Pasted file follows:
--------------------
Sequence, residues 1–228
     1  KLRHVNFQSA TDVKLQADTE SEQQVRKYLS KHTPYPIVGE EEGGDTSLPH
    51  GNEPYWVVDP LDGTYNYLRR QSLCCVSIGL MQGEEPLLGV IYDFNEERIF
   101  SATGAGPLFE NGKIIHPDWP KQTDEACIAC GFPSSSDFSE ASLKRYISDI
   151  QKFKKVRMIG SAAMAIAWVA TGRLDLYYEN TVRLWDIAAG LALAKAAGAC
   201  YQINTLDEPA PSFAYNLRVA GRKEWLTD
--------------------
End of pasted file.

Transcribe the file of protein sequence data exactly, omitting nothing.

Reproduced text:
Sequence, residues 1–228
     1  KLRHVNFQSA TDVKLQADTE SEQQVRKYLS KHTPYPIVGE EEGGDTSLPH
    51  GNEPYWVVDP LDGTYNYLRR QSLCCVSIGL MQGEEPLLGV IYDFNEERIF
   101  SATGAGPLFE NGKIIHPDWP KQTDEACIAC GFPSSSDFSE ASLKRYISDI
   151  QKFKKVRMIG SAAMAIAWVA TGRLDLYYEN TVRLWDIAAG LALAKAAGAC
   201  YQINTLDEPA PSFAYNLRVA GRKEWLTD